Reviewed by Joseph Maloney, MD
A ligament is a tissue anywhere in the body that connects one bone to another. Four ligaments stabilize the knee joint and connect the femur to the tibia: the Posterior Cruciate Ligament, the Medial and Lateral Collateral Ligaments, and the Anterior Cruciate Ligament, or ACL. This report details what occurs when your ACL tears, either completely or partially. An injury to the ACL or any other ligament is known as a "sprain," or, more commonly, a "tear" when it is most severe.
The ACL runs from the back of the femur, or thighbone, to the front of the tibia, or shinbone, and prevents the tibia from moving too far forward. The most common mechanism of injury to the ACL is a twisting or cutting motion, which stretches or tears the ligament. The injury can happen in one of three "grades":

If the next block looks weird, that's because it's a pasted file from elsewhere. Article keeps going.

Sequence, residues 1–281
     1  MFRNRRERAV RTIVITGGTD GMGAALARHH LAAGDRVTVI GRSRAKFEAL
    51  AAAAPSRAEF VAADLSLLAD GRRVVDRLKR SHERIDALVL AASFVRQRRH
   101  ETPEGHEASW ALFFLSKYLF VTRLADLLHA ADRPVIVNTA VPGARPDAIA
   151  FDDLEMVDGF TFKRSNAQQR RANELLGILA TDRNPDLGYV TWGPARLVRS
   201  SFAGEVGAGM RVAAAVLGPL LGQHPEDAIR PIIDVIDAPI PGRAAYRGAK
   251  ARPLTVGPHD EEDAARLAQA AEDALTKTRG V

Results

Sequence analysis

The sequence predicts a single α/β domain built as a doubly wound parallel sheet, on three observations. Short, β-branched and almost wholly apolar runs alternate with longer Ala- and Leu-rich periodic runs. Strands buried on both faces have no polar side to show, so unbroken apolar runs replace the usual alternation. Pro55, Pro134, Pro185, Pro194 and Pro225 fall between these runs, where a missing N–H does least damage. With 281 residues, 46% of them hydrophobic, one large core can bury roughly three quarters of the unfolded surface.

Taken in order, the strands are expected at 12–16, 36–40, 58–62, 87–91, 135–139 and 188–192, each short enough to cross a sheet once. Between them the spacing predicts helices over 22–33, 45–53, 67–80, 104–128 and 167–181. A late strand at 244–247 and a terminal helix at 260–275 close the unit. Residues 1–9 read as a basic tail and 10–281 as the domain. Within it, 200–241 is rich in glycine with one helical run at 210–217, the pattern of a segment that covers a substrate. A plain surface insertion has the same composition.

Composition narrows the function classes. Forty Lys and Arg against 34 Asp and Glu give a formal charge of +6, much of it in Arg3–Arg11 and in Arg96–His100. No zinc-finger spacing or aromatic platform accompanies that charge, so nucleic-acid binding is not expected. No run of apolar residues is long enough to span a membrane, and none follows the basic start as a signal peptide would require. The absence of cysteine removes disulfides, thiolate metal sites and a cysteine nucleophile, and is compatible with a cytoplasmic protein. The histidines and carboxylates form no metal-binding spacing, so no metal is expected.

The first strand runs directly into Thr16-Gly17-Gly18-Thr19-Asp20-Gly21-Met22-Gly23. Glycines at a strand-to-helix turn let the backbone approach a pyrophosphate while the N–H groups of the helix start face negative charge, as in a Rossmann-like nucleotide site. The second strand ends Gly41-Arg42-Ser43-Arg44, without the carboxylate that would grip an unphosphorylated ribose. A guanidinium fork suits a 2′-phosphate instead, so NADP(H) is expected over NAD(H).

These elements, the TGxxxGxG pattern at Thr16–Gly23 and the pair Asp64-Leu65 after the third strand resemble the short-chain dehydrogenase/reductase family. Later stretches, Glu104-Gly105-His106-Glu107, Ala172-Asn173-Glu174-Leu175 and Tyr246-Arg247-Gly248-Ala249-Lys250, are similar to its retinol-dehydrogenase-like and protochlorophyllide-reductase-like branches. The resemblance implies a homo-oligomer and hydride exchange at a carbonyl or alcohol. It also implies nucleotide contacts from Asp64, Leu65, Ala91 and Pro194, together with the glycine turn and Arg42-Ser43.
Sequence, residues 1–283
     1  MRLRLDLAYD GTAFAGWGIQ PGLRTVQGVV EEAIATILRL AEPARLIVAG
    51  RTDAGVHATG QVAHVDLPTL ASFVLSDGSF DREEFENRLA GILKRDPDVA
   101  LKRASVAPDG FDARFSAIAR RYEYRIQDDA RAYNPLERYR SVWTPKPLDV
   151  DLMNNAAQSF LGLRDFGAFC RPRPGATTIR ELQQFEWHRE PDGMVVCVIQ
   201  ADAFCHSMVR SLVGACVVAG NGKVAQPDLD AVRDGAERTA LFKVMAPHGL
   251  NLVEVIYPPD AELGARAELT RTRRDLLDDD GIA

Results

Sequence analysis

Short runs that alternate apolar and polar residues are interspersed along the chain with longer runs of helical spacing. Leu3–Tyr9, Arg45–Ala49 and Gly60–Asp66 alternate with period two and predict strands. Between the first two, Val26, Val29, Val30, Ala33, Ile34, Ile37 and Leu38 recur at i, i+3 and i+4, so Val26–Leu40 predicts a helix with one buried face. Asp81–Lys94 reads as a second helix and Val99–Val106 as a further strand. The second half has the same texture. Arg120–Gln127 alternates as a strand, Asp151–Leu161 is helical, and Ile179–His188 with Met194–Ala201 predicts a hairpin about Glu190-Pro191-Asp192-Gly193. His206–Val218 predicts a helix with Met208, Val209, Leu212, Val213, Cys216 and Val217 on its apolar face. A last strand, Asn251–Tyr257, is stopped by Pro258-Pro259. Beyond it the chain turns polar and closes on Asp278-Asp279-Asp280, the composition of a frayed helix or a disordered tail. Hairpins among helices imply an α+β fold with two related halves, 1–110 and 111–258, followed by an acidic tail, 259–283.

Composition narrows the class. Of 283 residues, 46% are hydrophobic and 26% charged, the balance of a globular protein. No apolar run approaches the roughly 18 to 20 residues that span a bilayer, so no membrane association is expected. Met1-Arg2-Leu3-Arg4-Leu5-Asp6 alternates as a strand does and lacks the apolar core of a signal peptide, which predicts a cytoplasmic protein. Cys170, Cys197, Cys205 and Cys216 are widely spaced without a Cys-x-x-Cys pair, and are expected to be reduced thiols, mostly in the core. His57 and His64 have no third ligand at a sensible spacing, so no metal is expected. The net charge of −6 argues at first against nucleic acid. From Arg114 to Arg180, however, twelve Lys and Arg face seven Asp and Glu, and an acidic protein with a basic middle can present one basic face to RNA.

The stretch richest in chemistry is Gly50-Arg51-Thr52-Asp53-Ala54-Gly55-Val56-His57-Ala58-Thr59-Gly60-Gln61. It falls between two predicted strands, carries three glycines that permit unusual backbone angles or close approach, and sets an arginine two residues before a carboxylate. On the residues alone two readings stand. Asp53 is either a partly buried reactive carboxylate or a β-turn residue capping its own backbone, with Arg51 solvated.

- Grade 1, in which the ligament is stretched, but not torn.
- Grade 2, where the ACL is partially torn.
- Grade 3, in which the ACL is completely torn and instability, or looseness of the joint, occurs.
Depending upon the level of activity of the individual, an orthopedic surgeon may recommend operating or pursuing conservative methods to manage the ACL tear. An ACL tear is often accompanied by a tear of the Medial Collateral Ligament or meniscus.